As the Author of this Volume [Miscellany Poems, 1691] is but little known, and may be mistaken for his kinsman, Robert Herrick, the famous Author of the Hesperides, a short account of him may perhaps be not unwelcome.
Thomas Heyrick, a descendant of the antient family of that name, and nephew, it is believed, of Robert Herrick the Poet, was born about 1647, and educated at Peter-house, Cambridge; B.A. 1670; M.A. 1675. He obtained the curacy of Market Harborough in 1682; and published a Sermon, in 1685, on the Proclamation by King James II.; and another, in the same year, under the title of The Character of a Rebel, in a Sermon preached at Market Harborough, on the 26th day of July, 1685, being the Day of Thanksgiving appointed for his Majesty's Victory over the Rebels. This Sermon, which was licensed at Lambeth, Aug. 22, 1685, and published by Samuel Heyrick, at Gray's Inn, is inscribed "To the Right Honourable Edward Griffin, esq. Treasurer of the Great Chamber, and Lieutenant-General of his Majesty's First Troop of Horse Guards;" whose "loyalty, and that of his family for many generations, that vestal fire which hath never gone out, but hath cherished an inextinguishable zeal for King and Country," is extolled by Mr. Heyrick; who goes on, "Blessed be God for Victory! We live now in a time when Loyalty is in fashion; it swims quietly down the stream without any opposition; and every one will venture out to sea in halcyon days."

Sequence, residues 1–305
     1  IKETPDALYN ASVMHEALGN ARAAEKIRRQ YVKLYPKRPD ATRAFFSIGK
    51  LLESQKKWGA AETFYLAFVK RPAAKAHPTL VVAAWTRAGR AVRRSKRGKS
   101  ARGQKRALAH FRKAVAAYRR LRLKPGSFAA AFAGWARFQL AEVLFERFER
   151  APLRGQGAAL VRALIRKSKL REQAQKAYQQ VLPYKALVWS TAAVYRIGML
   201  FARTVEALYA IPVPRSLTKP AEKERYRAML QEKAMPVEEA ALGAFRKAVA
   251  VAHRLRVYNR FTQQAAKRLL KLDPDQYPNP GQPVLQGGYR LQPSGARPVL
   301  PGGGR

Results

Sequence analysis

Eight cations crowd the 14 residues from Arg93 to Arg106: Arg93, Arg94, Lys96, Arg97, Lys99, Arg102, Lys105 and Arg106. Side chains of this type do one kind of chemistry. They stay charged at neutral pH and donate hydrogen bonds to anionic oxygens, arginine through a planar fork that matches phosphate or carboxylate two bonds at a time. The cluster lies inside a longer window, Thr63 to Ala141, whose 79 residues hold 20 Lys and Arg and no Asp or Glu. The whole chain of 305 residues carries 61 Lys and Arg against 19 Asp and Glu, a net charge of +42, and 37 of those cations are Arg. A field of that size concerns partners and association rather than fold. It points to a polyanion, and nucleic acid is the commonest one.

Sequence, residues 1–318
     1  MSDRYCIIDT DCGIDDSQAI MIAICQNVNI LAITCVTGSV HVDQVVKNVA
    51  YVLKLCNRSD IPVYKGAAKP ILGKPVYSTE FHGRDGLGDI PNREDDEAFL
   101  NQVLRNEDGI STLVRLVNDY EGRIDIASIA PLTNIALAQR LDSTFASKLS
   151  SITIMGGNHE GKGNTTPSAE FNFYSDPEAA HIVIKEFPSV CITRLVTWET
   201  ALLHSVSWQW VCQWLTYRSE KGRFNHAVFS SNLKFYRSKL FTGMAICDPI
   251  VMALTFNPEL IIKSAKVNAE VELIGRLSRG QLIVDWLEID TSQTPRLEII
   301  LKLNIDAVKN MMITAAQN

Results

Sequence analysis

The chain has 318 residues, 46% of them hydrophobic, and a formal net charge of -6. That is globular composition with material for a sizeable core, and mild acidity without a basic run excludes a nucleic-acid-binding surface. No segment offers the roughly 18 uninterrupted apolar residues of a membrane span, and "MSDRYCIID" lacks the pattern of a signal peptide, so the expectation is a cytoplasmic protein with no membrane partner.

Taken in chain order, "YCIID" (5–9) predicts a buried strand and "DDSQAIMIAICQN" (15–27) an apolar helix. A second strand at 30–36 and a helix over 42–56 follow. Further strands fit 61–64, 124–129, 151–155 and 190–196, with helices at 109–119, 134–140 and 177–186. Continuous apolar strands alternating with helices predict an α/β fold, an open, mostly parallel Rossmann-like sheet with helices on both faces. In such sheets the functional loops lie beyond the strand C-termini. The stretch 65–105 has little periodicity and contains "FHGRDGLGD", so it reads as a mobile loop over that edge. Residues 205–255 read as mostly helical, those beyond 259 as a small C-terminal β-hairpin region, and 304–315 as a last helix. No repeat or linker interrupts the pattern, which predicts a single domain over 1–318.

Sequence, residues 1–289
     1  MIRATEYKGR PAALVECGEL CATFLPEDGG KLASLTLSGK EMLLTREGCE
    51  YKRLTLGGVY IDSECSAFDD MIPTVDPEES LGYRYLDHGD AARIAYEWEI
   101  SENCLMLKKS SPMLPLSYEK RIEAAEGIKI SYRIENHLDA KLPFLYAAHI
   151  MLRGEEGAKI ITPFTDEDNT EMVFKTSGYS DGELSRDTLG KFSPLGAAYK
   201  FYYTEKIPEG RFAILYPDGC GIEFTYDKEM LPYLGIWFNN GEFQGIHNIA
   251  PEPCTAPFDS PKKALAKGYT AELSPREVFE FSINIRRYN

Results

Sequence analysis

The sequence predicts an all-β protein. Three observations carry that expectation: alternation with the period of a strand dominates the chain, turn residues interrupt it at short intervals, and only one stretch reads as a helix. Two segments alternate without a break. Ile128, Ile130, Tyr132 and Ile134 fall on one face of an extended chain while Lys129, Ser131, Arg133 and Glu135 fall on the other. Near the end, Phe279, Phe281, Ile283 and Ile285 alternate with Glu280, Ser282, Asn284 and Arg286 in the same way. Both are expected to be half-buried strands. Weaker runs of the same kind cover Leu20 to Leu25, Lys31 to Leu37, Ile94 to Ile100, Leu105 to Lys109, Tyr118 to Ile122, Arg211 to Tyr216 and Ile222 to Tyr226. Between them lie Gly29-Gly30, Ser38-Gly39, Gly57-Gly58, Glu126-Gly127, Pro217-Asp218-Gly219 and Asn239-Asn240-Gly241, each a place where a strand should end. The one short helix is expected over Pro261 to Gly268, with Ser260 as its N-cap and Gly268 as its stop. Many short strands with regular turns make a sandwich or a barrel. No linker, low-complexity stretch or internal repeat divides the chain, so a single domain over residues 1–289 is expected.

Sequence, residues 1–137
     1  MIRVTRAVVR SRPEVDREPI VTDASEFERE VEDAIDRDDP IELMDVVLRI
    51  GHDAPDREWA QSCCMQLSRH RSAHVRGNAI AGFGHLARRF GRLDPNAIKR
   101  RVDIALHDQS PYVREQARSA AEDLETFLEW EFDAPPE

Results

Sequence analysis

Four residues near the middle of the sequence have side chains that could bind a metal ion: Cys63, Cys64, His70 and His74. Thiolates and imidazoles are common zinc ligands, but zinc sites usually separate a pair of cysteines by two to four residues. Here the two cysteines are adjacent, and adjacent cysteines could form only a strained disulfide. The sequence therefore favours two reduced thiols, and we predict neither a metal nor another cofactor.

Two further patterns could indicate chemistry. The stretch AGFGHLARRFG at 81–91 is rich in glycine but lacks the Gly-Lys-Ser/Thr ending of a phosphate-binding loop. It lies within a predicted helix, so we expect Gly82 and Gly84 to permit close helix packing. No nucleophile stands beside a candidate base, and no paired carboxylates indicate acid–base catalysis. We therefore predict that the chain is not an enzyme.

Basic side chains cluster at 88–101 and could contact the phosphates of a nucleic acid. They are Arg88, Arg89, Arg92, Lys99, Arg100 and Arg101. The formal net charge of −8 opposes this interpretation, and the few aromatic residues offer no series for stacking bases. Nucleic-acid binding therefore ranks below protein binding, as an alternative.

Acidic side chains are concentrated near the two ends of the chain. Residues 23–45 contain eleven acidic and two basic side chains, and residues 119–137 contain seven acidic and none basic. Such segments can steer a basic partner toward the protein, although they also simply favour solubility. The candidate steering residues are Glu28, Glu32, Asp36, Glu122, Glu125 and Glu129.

The Volume which occasioned this Letter is intituled Miscellany Poems, by Tho. Heyrick, M.A. formerly of Peter-House College in Cambridge, 1691. 4to. pp. 112; and containes also The Submarine Voyage, a Pindarick Poem in Four Parts; and prefixed to it, besides the verses by Barnes, are others, by William Tunstall; Theophilus Judd, of St. John's College, Cambridge, dated Kibworth, Sept. 11, 1690; George Walker, of Emanuel College; and Lancelot Manning, B.A. of Trinity College.
The gratitude and attention of Mr. Heyrick to the Family of the Earl of Rutland is evident in many of the Poems; and his principal amusements appear to have been Poetry and Angling. — Mr. Judd's Poem is addressed to "his ingenious Friend and Brother-Angler;" and Heyrick has "A Pindarique Ode in Praise of Angling, to my worthy Friend Mr. Thomas Bateman"....